UNHCR brought in international non-governmental organisations to help, and built up national agencies in Croatia to cope with the needs of hundreds of thousands of displaced persons and a flood of refugees arriving from neighbouring states. Government counterparts were given useful training to augment their skills in dealing with asylum seekers and refugees.
The signing of the Dayton peace agreement in late 1995 brought new stability to much of the region, allowing UNHCR to focus on the return and reintegration of refugees in Croatia. By the end of 2003, over 100,000 Croatian Serbs had returned to their homes, while an estimated 230,000 internally displaced persons had also gone back.
In order to mobilise further support from the international community for the sustainable return of refugees to Croatia's hinterland, the agency recently organised a visit for donor country representatives and aid organisations to areas of return in central Croatia's Lika region.
The trip was more than just a briefing on the state of returns by minority groups like Croatian Serbs and the need to support sustainable return and rehabilitation initiatives. It also enabled the diplomats to come face to face with the challenges facing some 220,000 Croatian Serbs who remain in exile, mostly in Serbia and Montenegro.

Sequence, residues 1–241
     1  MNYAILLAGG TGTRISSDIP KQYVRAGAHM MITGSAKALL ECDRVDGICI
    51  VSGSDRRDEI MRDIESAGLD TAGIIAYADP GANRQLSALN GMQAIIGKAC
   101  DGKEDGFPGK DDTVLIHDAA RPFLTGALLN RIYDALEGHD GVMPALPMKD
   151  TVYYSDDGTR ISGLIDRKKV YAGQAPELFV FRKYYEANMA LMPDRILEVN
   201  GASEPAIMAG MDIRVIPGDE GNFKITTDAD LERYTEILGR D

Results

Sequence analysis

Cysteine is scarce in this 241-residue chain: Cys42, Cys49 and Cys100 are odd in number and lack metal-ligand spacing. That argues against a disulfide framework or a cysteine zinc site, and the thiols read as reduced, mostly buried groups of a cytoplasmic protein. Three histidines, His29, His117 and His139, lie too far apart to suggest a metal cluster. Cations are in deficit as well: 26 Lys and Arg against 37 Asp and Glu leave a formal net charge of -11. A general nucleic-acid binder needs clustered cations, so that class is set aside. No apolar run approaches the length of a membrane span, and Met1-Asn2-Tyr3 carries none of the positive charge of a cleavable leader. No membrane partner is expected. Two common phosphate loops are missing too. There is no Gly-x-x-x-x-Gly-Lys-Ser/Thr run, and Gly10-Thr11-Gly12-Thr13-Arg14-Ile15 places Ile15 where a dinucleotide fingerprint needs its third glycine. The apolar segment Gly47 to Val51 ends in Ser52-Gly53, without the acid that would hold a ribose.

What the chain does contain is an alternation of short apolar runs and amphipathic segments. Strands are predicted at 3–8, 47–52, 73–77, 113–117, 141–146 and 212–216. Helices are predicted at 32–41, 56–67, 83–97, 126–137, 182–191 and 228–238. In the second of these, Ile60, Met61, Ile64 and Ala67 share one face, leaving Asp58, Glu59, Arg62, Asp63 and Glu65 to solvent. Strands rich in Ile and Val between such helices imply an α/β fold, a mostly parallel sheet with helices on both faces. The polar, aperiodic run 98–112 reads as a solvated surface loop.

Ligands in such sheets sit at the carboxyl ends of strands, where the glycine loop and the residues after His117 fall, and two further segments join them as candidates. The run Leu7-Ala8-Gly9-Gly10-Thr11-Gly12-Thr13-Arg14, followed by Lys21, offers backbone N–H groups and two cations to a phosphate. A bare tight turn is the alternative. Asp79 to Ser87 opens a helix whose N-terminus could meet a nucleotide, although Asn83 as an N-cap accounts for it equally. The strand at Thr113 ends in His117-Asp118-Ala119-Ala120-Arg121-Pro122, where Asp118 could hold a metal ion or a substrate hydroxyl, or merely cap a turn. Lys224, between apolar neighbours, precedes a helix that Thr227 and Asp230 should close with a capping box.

"For most of us, this visit was indeed the last field trip in our official capacity," said Segolene Adam of UNHCR's Knin office. "The returnees we visited were sometimes very old acquaintances who came back with the first repatriation convoys to Krbava field near Udbina with UNHCR assistance."
The officials encountered an old woman now living under the stairs of her family's destroyed house in Bobodol in Drnis. This helped them put a human face on the enormous need for rehabilitation and development assistance that still exists in rural regions far from the thriving capital.
"There is a feeling of achievement when we see that some of them managed little by little to rebuild their lives since they returned in 1997 and finally, in 2003, obtained the assistance from the state to reconstruct their homes," said Adam.
The delegation that toured the Lika region late last year visited an old couple in the hamlet of Krbava who had just returned to the area. Their own home was destroyed during the conflict, so they must live in a friend's house that lacks proper windows and doors, as well as electricity. Reconstructing their house will take at least two years since they must go through lengthy legal procedures to prove ownership.